The bold new policy – which will give nearly 1 million undocumented migrants rights to legal employment, health care, education and Colombian banking services for 10 years – is driven by both empathy and pragmatism, says Colombian president Ivan Duque.
“They’ll likely stay for more than a decade,” Duque told NPR on March 3, 2021. “So it’s better to…open them the opportunity to contribute also to the Colombian economy.”
Venezuelan arrivals to Colombia are not confined to refugee camps, so they live scattered across the country. Documenting and absorbing so many migrants – who often arrive on foot, with only a handful of personal belongings and no valid ID – has been a challenge. Even rich countries like the U.S. struggle to handle mass migration.
But in some ways Colombia – itself no stranger to political strife and displacement – is uniquely prepared for this migration crisis.
History of conflict
Colombia has received the brunt of the exodus from neighboring Venezuela since 2015.
When many other South American countries closed their borders with Venezuela, Colombia offered a series of two-year permits giving about 700,000 Venezuelans the right to work and access to health care between 2017 and 2020.
Together with the new legalization plan covering 1 million additional migrants, nearly all the roughly 1.7 million Venezuelans who have come to Colombia since 2015 will have some form of legal status. New arrivals who are legally processed in the next two years will also be covered.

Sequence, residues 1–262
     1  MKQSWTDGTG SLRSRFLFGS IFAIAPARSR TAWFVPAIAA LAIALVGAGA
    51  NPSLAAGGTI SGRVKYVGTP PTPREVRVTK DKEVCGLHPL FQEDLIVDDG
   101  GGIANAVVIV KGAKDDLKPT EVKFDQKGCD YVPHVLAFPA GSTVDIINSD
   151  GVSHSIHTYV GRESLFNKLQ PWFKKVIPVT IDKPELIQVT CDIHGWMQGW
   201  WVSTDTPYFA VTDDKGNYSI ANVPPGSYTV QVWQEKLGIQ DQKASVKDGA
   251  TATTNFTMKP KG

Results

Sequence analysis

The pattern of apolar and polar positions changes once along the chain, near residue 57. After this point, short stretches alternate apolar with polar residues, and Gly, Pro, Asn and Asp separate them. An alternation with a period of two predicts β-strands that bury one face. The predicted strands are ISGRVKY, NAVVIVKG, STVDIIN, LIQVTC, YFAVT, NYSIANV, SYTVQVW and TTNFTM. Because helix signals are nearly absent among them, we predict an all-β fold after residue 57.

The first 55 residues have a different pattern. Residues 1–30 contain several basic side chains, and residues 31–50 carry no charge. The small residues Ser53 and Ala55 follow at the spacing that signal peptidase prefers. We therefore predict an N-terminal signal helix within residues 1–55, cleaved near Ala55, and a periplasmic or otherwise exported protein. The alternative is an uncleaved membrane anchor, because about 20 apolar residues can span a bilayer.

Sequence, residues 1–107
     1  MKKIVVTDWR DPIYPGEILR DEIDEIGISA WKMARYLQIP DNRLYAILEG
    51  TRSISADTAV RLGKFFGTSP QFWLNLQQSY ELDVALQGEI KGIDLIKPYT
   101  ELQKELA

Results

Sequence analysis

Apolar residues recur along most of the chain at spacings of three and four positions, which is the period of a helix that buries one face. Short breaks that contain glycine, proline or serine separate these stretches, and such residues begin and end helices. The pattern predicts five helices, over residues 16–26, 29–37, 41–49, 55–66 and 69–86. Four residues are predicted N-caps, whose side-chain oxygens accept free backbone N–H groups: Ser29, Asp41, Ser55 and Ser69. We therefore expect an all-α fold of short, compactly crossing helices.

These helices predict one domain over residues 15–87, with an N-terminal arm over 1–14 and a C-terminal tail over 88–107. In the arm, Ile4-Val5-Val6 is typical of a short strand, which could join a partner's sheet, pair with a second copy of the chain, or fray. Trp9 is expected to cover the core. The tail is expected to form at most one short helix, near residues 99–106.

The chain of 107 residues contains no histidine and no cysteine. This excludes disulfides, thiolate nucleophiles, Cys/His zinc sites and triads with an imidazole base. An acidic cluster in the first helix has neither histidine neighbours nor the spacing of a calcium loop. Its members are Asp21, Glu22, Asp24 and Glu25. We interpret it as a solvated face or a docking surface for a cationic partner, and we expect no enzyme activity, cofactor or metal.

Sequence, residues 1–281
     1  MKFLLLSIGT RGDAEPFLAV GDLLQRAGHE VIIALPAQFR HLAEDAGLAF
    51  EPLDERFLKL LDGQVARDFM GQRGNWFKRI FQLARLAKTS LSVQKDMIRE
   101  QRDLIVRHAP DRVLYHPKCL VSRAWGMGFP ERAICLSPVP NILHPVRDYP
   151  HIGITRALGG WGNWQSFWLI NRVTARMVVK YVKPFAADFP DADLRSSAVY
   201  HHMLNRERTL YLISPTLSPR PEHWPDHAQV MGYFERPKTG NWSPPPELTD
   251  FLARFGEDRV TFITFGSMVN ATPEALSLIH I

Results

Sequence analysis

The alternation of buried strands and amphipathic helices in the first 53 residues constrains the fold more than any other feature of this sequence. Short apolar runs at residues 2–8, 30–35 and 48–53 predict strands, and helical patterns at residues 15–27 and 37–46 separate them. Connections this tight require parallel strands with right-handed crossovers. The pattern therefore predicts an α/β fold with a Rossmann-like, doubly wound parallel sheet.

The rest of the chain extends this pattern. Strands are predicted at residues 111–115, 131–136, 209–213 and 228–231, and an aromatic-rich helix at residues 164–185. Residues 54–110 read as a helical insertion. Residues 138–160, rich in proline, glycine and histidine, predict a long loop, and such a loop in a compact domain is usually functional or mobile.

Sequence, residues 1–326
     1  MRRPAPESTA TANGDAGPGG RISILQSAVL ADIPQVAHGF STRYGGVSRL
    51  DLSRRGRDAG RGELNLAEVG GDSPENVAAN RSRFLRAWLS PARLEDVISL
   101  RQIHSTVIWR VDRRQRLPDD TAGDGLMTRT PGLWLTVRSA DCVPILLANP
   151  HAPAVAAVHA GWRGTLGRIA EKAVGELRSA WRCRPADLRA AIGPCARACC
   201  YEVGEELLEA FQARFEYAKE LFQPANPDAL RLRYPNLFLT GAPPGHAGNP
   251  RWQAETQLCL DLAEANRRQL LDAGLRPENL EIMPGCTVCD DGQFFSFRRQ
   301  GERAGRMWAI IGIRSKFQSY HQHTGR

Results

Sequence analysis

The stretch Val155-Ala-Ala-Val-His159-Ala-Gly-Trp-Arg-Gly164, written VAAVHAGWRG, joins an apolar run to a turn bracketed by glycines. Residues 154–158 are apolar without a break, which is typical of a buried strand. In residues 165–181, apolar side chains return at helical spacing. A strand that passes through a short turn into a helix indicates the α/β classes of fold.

Colombia is not wealthy. But Colombians understand better than many what it means to be driven from your home.
Over 8 million of Colombia’s 50 million people have been displaced by ongoing civil conflict since the 1990s. At least 1 million moved into neighboring Venezuela, seeking safety and opportunity. A government peace agreement with the FARC guerrilla group in 2016 quelled but did not end violence in Colombia.
Because of this history, international organizations such as the United Nations High Commissioner for Refugees and World Food Program have worked in Colombia for decades. Today, the U.N.‘s refugee agency and International Organization for Migration are leading a group of 73 international organizations and agencies to align their work with Colombia’s national humanitarian efforts. The group works in 14 states across Colombia, providing assistance that ranges from distributing COVID-19 hygiene kits to enrolling migrant children in school.
Humanitarian networks adapt
The Colombian government also has some 50 agencies dedicated to helping Colombians displaced by armed conflict. Now many are adapting that experience to help Venezuelan migrants.
Since 2019 we have interviewed over a dozen government officials, lawyers and civil society representatives in two Colombian “departments,” or states, that have received high numbers of Venezuelan migrants: Atlántico and Norte de Santander. This work was part of a broader study on how countries manage mass migration.
At the religious charity Secretariado de Pastoral Social-Cáritas, part of the Catholic Archdiocese of the city of Barranquilla, in Atlántico, the longtime director said the migrant situation today looks a lot like it did decades ago when Colombia’s civil conflict peaked in the Atlántico region, with people wandering around, not knowing anyone and not sure what to do or where to go. Then as now, they slept in the parks and on the streets.